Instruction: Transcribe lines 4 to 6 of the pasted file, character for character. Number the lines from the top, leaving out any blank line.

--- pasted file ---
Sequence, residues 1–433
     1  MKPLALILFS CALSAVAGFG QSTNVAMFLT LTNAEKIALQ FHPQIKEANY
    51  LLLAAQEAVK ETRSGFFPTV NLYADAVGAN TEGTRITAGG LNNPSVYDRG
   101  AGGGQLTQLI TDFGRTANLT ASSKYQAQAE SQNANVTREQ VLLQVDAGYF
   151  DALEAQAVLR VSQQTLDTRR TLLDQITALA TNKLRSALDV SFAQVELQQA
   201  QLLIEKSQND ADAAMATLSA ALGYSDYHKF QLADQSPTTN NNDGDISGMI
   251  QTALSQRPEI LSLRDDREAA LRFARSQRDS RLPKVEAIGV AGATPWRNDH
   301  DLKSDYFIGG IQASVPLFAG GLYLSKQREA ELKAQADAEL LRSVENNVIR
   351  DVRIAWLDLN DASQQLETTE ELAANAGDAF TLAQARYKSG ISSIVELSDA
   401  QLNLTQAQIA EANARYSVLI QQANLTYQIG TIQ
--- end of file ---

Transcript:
   101  AGGGQLTQLI TDFGRTANLT ASSKYQAQAE SQNANVTREQ VLLQVDAGYF
   151  DALEAQAVLR VSQQTLDTRR TLLDQITALA TNKLRSALDV SFAQVELQQA
   201  QLLIEKSQND ADAAMATLSA ALGYSDYHKF QLADQSPTTN NNDGDISGMI